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J Oncol Pract. 2010 Jul;6(4):174-81. doi: 10.1200/JOP.200009.

Population-based longitudinal study of follow-up care for breast cancer survivors.

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Ontario Institute for Cancer Research; Cancer Care Ontario Health Services Research Program; Department of Family and Community Medicine, University of Toronto; Institute of Clinical Evaluative Sciences, Sunnybrook Health Science Centre; Department of Radiation Oncology, Princess Margaret Hospital, University of Toronto, Toronto, Ontario, Canada.



To describe the patterns of follow-up care provided to a population-based cohort of breast cancer survivors, and to assess factors associated with adherence to guidelines on follow-up care.


We conducted a retrospective longitudinal study of all women with surgically treated breast cancer who were without evidence of recurrence, advanced breast cancer, or new primary cancer and were diagnosed in Ontario, Canada, within a 2-year period (n = 11,219). They were followed for 5 years. The cohort was identified through the Ontario Cancer Registry, and individuals were linked across population-based administrative health databases. Frequency of and adherence to guideline recommendations for oncologist and primary care physician (PCP) visits; surveillance imaging for metastatic disease; and surveillance mammograms by year from diagnosis, age group, and income quintile were analyzed. Factors associated with adherence to guideline recommendations were analyzed.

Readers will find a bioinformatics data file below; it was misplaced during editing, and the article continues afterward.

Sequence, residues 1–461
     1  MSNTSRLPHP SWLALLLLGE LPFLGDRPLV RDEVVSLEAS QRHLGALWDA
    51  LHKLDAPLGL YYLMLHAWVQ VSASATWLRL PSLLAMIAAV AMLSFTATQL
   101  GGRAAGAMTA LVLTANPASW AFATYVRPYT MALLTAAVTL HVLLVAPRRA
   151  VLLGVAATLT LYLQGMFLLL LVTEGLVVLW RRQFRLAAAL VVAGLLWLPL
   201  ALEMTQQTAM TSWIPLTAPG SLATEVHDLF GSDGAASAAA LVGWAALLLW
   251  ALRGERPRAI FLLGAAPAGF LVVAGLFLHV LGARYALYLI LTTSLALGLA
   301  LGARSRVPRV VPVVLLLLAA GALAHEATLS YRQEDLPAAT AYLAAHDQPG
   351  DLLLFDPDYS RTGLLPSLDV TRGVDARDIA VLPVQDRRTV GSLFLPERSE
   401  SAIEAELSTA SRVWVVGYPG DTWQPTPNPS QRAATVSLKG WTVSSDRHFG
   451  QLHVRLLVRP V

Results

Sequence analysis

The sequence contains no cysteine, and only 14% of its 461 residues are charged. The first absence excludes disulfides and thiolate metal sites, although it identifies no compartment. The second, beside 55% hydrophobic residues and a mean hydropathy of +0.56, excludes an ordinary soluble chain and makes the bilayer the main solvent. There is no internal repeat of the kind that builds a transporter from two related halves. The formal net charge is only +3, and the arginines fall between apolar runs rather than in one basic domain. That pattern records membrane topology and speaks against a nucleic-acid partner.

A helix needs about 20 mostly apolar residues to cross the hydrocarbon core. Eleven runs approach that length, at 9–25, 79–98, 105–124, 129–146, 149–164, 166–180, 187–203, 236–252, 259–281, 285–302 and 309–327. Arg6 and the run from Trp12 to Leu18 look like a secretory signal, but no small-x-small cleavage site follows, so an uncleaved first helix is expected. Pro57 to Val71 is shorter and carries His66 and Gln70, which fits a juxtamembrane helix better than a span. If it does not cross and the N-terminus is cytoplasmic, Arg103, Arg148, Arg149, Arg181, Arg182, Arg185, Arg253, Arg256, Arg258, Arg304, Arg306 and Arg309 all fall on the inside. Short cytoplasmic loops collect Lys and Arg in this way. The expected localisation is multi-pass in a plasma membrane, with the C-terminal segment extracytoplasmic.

Most women saw both oncologists and PCPs in each follow-up year. Approximately two thirds had surveillance mammograms in each follow-up year. Overall, two thirds had either fewer or greater than recommended oncology visits, one quarter had fewer than recommended surveillance mammograms, and half had greater than recommended surveillance imaging for metastatic disease.


This population-based study shows substantial variation in adherence to guideline recommendations, with both overuse and underuse of surveillance visits and tests. Most importantly, a substantial proportion are receiving more than recommended imaging for metastatic disease but fewer than recommended mammograms for detection of local recurrence or new primary cancer, for which effective intervention is possible.

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